Nonfiction > Walt Whitman > Prose Works > I. Specimen Days > 152. Human and Heroic New York
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Walt Whitman (1819–1892).  Prose Works. 1892.
  
I. Specimen Days
152. Human and Heroic New York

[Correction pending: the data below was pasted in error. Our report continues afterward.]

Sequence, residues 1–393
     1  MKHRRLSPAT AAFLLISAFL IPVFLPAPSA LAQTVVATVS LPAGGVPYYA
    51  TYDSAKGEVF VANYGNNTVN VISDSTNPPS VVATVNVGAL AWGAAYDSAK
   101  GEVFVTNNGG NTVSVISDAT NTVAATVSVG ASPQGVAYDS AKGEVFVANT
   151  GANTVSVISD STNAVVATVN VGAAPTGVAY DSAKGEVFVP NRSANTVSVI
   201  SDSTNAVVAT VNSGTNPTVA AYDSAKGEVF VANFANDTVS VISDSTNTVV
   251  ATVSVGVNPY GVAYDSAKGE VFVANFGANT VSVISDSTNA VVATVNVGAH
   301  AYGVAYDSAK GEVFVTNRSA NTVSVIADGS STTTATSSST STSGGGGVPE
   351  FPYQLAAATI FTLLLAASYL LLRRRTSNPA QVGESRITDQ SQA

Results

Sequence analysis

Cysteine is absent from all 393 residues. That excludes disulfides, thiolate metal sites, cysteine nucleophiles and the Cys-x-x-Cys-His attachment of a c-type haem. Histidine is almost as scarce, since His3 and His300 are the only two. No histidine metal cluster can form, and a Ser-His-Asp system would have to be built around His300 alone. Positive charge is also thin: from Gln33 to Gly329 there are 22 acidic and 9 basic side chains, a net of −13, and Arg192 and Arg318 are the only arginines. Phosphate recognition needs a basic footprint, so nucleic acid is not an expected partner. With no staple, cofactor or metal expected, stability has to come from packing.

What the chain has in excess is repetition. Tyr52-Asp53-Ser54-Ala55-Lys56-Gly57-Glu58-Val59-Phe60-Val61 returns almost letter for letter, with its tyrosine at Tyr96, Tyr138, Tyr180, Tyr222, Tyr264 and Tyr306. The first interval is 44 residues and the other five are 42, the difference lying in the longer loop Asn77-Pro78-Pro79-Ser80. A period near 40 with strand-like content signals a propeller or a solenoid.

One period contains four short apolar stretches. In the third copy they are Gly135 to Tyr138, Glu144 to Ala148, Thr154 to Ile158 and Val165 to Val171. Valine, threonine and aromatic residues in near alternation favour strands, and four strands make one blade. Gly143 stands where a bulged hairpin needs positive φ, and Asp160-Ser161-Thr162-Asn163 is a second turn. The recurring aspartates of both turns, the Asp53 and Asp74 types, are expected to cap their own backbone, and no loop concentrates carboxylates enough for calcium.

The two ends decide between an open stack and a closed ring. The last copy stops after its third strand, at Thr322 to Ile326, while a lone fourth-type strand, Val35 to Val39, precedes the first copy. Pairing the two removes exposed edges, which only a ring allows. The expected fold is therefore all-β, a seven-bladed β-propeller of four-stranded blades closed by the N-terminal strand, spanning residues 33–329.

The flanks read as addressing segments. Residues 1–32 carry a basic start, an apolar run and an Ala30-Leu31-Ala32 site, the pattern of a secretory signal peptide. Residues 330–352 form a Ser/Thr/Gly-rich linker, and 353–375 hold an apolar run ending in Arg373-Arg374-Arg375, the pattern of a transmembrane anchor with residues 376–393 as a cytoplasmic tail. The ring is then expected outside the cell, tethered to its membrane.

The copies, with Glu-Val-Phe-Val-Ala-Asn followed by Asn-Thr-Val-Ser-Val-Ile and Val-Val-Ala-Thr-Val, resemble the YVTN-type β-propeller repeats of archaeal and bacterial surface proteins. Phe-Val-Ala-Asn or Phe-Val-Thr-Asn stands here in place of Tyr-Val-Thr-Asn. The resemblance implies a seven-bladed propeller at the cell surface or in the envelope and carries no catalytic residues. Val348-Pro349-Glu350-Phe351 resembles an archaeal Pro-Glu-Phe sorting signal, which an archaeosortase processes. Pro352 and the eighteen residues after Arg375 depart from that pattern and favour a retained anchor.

THE GENERAL subjective view of New York and Brooklyn—(will not the time hasten when the two shall be municipally united in one, and named Manhattan?)—what I may call the human interior and exterior of these great seething oceanic populations, as I get it in this visit, is to me best of all. After an absence of many years, (I went away at the outbreak of the secession war, and have never been back to stay since,) again I resume with curiosity the crowds, the streets I knew so well, Broadway, the ferries, the west side of the city, democratic Bowery—human appearances and manners as seen in all these, and along the wharves, and in the perpetual travel of the horse-cars, or the crowded excursion steamers, or in Wall and Nassau streets by day—in the places of amusement at night—bubbling and whirling and moving like its own environment of waters—endless humanity in all phases—Brooklyn also—taken in for the last three weeks. No need to specify minutely—enough to say that (making all allowances for the shadows and side-streaks of a million-headed-city) the brief total of the impressions, the human qualities, of these vast cities, is to me comforting, even heroic, beyond statement. Alertness, generally fine physique, clear eyes that look straight at you, a singular combination of reticence and self-possession, with good nature and friendliness—a prevailing range of according manners, taste and intellect, surely beyond any elsewhere upon earth—and a palpable outcropping of that personal comradeship I look forward to as the subtlest, strongest future hold of this many-item’d Union—are not only constantly visible here in these mighty channels of men, but they form the rule and average. To-day, I should say—defiant of cynics and pessimists, and with a full knowledge of all their exceptions—an appreciative and perceptive study of the current humanity of New York gives the directest proof yet of successful Democracy, and of the solution of that paradox, the eligibility of the free and fully developed individual with the paramount aggregate. In old age, lame and sick, pondering for years on many a doubt and danger for this republic of ours—fully aware of all that can be said on the other side—I find in this visit to New York, and the daily contact and rapport with its myriad people, on the scale of the oceans and tides, the best, most effective medicine my soul has yet partaken—the grandest physical habitat and surroundings of land and water the globe affords—namely, Manhattan island and Brooklyn, which the future shall join in one city—city of superb democracy, amid superb surroundings.   1

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